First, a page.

Every kitchen needs a really good knife, which doesn’t mean a really expensive knife. There is no point at all to buying an expensive knife if you do not “pay the second price” and learn how to keep it sharp. What do I mean? “Paying the second price is a term that I ran across last week in a blog by a man named David Cain. You can go to that article here: https://www.raptitude.com/2022/01/everything-must-be-paid-for-twice/
There is so much in the way of info, opinions and just nonsense out there in cyber-land these days that when you run across a concept that is new to you, it is something to be cherished. I may have come across the nugget of the idea expressed in this article before but, as is so often the case, context is everything. In this article they paying twice concept is presented in such a straightforward way that it was a moment of time-stopping clarity for me when I read it.
Back to the knife. Not everything I own is old. Or expensive. I have had this little knife for about 6 months now and paid less than £20.00 for it, including postage. In the knife world this is peanuts. Could I buy a cheaper one? I have far too many already. Read on. Did I need a new knife? Well, perhaps. Cooking is one of the principal joys of my life and I use a little knife such as this one at least three times every day for prepping fruit and veg for our meals. I had rather too many knives that got the job done but none that gave me the joy I was looking for in the process. I have small, female hands and I am guessing that most knives are designed by men. I have a few men friends who cook, but not many! No, it has been mostly the woman’s domain forever. This little knife snuggles into my hand as if they have been friends for many years.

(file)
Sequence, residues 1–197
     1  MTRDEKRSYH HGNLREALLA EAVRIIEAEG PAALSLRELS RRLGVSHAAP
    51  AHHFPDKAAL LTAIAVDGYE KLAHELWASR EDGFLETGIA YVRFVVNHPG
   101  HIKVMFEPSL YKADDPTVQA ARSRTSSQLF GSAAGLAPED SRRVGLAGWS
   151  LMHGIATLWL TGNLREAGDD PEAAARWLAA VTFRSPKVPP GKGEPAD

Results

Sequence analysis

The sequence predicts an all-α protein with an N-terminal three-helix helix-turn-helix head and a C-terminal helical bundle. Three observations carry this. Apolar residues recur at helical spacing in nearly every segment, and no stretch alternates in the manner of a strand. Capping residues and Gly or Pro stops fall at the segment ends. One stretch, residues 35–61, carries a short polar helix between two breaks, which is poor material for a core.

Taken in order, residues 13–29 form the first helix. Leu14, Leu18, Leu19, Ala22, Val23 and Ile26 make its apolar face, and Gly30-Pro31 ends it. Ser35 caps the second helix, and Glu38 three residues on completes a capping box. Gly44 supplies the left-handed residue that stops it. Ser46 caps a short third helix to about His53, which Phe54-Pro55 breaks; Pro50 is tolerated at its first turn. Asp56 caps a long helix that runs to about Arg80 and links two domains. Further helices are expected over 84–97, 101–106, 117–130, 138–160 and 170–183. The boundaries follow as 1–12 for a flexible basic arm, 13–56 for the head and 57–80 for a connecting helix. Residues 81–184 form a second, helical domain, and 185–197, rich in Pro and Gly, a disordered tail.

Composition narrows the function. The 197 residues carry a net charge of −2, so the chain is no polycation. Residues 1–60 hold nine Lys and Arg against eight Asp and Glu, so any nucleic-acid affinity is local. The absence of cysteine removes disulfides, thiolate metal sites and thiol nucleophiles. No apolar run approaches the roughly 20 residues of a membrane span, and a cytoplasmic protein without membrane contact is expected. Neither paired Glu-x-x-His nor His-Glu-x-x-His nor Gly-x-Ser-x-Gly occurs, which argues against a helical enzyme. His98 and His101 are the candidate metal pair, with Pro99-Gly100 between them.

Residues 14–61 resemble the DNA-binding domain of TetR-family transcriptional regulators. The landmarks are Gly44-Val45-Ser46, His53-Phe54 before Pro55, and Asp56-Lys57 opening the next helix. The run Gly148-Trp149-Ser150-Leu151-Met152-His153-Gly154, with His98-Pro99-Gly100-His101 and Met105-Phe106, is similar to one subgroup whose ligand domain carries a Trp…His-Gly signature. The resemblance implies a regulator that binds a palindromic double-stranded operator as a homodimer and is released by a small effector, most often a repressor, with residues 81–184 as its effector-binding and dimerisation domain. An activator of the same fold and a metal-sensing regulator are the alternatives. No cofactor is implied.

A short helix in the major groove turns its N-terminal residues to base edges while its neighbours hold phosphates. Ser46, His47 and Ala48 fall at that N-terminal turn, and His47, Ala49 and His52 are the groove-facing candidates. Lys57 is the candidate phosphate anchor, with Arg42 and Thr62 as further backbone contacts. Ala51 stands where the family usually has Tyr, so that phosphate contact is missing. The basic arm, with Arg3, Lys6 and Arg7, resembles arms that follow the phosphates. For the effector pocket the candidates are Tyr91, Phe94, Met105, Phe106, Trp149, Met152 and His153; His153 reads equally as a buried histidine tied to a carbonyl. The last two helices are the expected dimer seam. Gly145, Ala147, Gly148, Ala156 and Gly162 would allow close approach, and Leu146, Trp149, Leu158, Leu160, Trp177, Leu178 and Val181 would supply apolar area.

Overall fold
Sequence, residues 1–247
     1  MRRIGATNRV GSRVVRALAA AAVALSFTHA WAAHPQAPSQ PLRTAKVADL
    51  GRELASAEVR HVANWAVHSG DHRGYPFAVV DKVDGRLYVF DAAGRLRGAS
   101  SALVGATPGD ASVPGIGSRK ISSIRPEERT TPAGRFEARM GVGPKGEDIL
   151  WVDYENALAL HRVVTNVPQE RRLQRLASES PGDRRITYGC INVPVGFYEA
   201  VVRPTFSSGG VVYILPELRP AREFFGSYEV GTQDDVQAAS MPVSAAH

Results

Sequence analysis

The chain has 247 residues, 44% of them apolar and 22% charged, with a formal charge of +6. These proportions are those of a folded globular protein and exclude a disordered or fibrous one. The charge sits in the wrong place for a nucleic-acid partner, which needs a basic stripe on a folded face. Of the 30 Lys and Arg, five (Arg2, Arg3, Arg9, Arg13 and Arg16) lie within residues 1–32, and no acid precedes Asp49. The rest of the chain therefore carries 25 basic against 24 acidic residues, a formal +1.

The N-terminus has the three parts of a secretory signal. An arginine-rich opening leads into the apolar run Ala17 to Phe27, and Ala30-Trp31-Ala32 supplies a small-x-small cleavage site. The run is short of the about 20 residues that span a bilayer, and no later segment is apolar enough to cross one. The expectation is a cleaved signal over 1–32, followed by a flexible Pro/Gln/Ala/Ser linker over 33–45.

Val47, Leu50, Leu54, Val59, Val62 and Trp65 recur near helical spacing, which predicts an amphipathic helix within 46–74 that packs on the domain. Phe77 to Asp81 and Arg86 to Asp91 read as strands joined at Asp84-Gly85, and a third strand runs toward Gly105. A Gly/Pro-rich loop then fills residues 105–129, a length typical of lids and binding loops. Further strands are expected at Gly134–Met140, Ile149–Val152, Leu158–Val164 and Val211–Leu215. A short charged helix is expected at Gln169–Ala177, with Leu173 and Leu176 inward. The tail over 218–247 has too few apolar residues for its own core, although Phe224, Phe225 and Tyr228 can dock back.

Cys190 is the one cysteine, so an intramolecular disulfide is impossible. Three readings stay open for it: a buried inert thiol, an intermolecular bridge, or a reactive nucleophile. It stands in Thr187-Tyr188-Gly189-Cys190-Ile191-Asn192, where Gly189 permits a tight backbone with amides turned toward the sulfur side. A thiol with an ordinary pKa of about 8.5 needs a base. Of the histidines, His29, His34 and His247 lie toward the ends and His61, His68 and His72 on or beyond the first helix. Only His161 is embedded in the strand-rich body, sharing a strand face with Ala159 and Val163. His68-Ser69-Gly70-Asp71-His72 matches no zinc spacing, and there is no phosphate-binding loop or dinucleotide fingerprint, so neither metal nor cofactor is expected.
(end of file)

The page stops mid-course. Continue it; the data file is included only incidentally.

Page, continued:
Tools are important in our lives and it is a theme that I am sure to come back to many times in the course of writing these daily musings. There is a timely zeitgeist popping up all over the place now to buy things that last. This little knife is made in Spain by a small company as stamped on the blade in the picture. Boxwood handle, carbon steel blade- that fact alone demands attention! ‘Use me, wash me and then dry me up immediately. No dishwashers, no lounging about in the wet cutlery basket with other stuff and do not leave me wet on the wooden cabinet top as I will rust and leave a black mark on the wood as a testament to your laziness! And don’t forget to regularly sharpen me well.’ Such a demanding little presence in the kitchen might put many off but I love it more for these things. It’s the ritual thing again for me. But, let’s talk about sharpening for a second.
Keeping knives sharp makes them so much safer. They grip food properly instead of slipping off to create carnage. I sharpen mine on a stone and, once I have gotten a few more of the 10,000 hours I probably need to really know how to do that well, I will be happy with the process. As it is, I am happy LEARNING the process. Of course, there are electric sharpeners, idiot-proof sharpeners, “the last sharpener you will ever need in your life” sharpeners….I have had a few of each of these and they do the job…sort of, but not very well. A sharpening stone, again, demands attention. You can really ruin a knife if you don’t pay attention.
At long last, I have time in my life to pay attention.
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Oh I will have to look up how to sharpen a knife using a stone!
No one could get a knife sharper with a wet stone than AW. He had a lot of practice, too.
Dang. Another of those skills that could have been learned from a master if only I had known I would need to learn it earlier in my life.